Technology can be a wonderful thing. It helps us connect people from across the country (or world) through a video conference or virtual chat. It allows us to easily create charts and map out data. It allows us to better serve our customers.

But there is a dark side to technology. It’s the side that affects our everyday interactions with people—the side that completely sucks us in and tethers us to our devices.

Have you ever walked into a restaurant and noticed friends, couples, or even entire families absorbed in their smart phones? Or noticed people out for a walk, with their heads buried in their devices?

Are you guilty of this too? Do you catch yourself shooting your co-worker an email when you could just walk to her office and ask a quick question? Do you find yourself flipping through social media or the news or weather instead of engaging those around you in conversation?

Yes, technology does great things, but it’s also killing our communication skills. According to MIT sociologist Sherry Turkle, author of the book Reclaiming Conversation, our deep absorption in our devices has caused us to lose our ability to have deeper, more spontaneous conversations with others. We begin to lose our capacity for “empathy, introspection, creativity, and intimacy.”[1]

With Valentine’s Day fast approaching, I think about the implications this has for our relationships. Are our conversations lacking the depth they used to have? Are we missing opportunities to look others in the eye and truly connect with them?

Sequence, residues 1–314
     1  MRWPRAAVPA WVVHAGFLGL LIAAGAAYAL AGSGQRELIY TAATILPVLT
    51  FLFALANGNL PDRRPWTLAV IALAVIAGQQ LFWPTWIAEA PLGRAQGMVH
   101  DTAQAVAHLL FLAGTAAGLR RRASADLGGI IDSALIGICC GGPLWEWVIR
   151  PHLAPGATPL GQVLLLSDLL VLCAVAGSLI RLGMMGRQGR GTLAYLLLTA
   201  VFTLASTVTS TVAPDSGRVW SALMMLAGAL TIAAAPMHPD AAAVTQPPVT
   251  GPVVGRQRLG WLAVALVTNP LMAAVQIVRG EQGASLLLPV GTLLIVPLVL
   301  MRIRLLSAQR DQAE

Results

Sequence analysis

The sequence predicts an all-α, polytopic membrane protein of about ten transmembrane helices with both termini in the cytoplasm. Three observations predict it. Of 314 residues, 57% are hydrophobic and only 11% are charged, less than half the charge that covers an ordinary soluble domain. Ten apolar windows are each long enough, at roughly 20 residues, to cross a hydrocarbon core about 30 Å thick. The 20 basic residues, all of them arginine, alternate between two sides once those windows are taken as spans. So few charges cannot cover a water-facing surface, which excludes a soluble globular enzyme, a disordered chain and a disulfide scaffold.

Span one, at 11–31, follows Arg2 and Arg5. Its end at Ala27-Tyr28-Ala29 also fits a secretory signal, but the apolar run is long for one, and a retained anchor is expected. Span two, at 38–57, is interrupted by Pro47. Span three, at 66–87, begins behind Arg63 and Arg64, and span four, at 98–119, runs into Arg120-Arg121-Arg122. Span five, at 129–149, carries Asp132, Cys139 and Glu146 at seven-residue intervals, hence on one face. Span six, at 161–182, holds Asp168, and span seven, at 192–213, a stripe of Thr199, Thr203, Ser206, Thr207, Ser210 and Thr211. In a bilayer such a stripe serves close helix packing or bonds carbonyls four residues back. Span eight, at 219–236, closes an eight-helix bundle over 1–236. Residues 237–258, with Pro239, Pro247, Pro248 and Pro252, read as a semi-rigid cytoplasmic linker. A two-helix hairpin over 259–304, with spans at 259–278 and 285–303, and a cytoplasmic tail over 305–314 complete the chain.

Looking at it from another angle, are we missing opportunities at work because we’ve greatly reduced the number of face-to-face interactions we have with others? Sherry Turkle says YES. She points to many studies that indicate that when people are allowed to talk to each other, they do better—they’re more collaborative, they’re more creative, they get more done.

And what about networking? I’ve talked with many people who say that the younger generation has difficulty with face-to-face networking. It’s a skill that doesn’t come easily for them because so many of their interactions are digital. That’s troubling because, according to Hubspot, 85% of people say they build stronger, more meaningful business relationships during in-person business meetings and conferences.

Face-to-face still matters!

It’s time we stop multi-tasking, set our cell phones aside, and rediscover meaningful conversation with others. Our relationships—both personal and professional—will be better for it.

[1] Suttie, J. (December 7, 2015). How Smartphones Are Killing Conversation. The Greater Good Science Center at Berkeley. Accessed 12/19/16.


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UXL personal branding